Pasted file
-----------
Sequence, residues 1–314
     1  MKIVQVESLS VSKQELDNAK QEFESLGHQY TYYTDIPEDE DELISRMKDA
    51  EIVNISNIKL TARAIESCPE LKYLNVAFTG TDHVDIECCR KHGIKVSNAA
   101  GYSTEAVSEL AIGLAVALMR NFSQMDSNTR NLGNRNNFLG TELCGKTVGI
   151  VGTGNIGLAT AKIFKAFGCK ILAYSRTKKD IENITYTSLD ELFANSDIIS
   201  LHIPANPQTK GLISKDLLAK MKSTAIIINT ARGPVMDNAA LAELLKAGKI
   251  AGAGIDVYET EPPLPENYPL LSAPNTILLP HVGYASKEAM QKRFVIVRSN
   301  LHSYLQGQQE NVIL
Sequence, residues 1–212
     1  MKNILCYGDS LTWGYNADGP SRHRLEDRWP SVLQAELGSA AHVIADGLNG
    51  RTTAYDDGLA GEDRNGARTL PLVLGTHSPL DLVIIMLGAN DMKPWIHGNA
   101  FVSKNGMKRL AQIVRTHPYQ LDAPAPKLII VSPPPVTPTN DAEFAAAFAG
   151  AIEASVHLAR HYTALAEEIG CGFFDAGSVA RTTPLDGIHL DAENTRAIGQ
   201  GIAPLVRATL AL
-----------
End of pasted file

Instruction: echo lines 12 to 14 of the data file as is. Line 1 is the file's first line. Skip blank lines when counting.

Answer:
   101  FVSKNGMKRL AQIVRTHPYQ LDAPAPKLII VSPPPVTPTN DAEFAAAFAG
   151  AIEASVHLAR HYTALAEEIG CGFFDAGSVA RTTPLDGIHL DAENTRAIGQ
   201  GIAPLVRATL AL